China wasn’t the only region to experiment with immunization, either. It’s difficult to trace how exactly the idea spread, or whether it was independently invented in different places, but there are reports of it from West Africa, Ethiopia and the Sudan, the Middle East, and the Circassian region. In many cases the procedure was like the one Jenner used, transferring pus via a scratch or cut on the person to be inoculated. Lady Mary Wortley Montagu encountered the practice in Constantinople, and later had her children variolated, even convincing the Princess of Wales to do the same. But using the smallpox virus directly was more dangerous than Jenner’s cowpox approach, and variolation killed one of the sons of King George III.

The real boom in immunization came in the late nineteenth and early twentieth century, when the concerted efforts of scientists led to the development of vaccines for a host of diseases. It’s hard to even fathom how revolutionary this was: the standard assumption that children would spend extended periods of time too sick to attend school and might carry the consequences of their illness for life just . . . went away. Epidemics of cholera, typhoid, and the plague itself ceased to be a thing in developed nations; they’re not gone entirely, but we can list the places where outbreaks are common, rather than just waving a hand at the map and saying “everywhere.”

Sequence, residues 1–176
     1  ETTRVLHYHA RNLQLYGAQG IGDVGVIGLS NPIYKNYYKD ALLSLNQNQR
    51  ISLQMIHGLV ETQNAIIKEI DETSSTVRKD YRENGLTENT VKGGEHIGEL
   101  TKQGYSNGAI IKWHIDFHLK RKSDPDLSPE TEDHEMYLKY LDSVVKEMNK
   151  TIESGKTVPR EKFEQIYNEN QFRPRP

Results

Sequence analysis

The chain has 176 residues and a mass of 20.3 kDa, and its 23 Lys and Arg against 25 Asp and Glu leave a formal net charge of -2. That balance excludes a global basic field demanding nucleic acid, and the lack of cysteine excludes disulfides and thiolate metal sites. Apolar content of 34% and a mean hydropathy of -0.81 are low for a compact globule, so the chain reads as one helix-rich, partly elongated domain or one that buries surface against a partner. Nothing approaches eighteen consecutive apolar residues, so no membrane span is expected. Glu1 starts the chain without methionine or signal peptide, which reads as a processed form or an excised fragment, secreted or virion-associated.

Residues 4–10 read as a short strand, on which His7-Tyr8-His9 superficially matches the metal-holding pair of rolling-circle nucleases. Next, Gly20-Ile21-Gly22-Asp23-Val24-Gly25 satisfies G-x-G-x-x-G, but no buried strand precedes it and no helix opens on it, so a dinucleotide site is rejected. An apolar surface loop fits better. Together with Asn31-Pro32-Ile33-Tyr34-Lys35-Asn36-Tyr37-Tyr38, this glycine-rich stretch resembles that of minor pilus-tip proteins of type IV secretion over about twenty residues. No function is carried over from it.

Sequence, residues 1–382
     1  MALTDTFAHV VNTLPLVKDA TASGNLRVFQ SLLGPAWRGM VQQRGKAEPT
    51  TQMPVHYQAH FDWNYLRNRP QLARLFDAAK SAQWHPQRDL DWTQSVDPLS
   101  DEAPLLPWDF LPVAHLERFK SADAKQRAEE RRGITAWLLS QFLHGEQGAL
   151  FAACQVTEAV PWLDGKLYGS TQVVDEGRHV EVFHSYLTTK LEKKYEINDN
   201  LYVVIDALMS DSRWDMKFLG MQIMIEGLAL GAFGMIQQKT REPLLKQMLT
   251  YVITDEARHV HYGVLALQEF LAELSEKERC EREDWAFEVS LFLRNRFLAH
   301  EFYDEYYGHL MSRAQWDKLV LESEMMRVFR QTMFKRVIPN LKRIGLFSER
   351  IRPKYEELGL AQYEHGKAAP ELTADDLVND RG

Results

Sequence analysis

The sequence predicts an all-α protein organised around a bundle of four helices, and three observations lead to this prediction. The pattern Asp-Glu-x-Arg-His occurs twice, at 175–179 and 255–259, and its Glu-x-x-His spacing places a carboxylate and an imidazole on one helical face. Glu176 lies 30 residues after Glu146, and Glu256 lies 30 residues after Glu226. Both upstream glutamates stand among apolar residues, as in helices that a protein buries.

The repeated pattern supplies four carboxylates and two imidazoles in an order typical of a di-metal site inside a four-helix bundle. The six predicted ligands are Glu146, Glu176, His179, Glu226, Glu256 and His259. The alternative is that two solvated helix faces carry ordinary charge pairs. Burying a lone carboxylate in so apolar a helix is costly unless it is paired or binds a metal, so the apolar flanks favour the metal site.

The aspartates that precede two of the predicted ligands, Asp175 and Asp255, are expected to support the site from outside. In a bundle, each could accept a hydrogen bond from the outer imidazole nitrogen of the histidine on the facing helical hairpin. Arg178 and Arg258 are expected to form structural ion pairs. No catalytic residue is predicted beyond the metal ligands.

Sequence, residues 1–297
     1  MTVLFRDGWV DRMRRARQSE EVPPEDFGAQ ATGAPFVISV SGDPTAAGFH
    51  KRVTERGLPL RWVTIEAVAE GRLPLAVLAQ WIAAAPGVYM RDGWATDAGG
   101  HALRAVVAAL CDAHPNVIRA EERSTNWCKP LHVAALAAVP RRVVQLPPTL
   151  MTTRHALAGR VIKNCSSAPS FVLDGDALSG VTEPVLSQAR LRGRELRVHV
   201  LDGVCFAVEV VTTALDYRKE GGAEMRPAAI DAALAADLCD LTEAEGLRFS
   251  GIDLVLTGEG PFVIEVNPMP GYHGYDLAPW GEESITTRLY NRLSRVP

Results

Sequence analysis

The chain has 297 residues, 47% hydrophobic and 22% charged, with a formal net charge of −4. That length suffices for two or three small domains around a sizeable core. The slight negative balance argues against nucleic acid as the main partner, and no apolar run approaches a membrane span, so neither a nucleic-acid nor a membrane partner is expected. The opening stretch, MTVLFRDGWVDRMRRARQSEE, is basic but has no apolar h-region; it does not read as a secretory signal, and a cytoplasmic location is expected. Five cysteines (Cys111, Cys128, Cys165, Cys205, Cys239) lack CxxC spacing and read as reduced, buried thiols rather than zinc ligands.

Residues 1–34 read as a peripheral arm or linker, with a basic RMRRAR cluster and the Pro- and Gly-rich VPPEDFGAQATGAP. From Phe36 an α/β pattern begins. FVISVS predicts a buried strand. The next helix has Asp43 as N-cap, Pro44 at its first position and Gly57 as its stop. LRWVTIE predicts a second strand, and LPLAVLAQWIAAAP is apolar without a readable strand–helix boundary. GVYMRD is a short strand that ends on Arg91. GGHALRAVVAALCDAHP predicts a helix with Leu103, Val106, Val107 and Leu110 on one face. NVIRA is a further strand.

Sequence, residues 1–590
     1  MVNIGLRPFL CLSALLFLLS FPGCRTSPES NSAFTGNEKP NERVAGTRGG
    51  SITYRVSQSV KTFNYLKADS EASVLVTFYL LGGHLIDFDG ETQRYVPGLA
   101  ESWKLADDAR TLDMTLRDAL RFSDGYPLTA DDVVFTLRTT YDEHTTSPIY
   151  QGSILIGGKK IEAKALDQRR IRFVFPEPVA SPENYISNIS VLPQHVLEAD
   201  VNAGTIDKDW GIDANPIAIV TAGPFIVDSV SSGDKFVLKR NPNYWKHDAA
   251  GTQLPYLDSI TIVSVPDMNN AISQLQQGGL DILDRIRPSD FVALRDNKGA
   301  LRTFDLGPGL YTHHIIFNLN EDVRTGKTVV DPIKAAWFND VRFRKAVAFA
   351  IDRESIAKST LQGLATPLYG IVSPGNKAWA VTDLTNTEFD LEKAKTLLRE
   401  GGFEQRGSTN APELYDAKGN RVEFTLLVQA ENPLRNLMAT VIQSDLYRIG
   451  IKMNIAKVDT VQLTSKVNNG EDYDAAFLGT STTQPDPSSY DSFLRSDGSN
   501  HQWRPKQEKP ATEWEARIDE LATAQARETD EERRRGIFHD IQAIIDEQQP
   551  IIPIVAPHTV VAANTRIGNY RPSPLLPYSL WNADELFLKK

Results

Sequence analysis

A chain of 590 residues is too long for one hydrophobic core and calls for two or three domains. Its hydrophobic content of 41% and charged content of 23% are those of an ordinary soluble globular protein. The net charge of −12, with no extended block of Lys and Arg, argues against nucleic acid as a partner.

In a very few cases, we’ve been able to eradicate them entirely. Smallpox still exists in a few labs in the U.S. and Russia, but nowhere in nature. And as of 2010, rinderpest is also gone: a virus related to measles that used to devastate livestock. We’ve gotten rid of two of the three strains of polio, quite a bit of dracunculiasis and yaws, and there’s a serious effort underway to eliminate malaria. Regionally, we’re working on wiping out hookworm, measles, rubella, syphilis, rabies, and more.

But these achievements aren’t done movie-style, with a lone scientist cooking up some kind of counter-pathogen that spreads throughout the world and solves the problem in one fell swoop. Eradication requires widespread and consistent labor by thousands of people, making the usual hosts of these micro-organisms so inhospitable for the germs that they have nowhere to live. That means vaccinating millions or even billions of people, and keeping up the effort until enough time has passed without reported cases that we can relax our guard.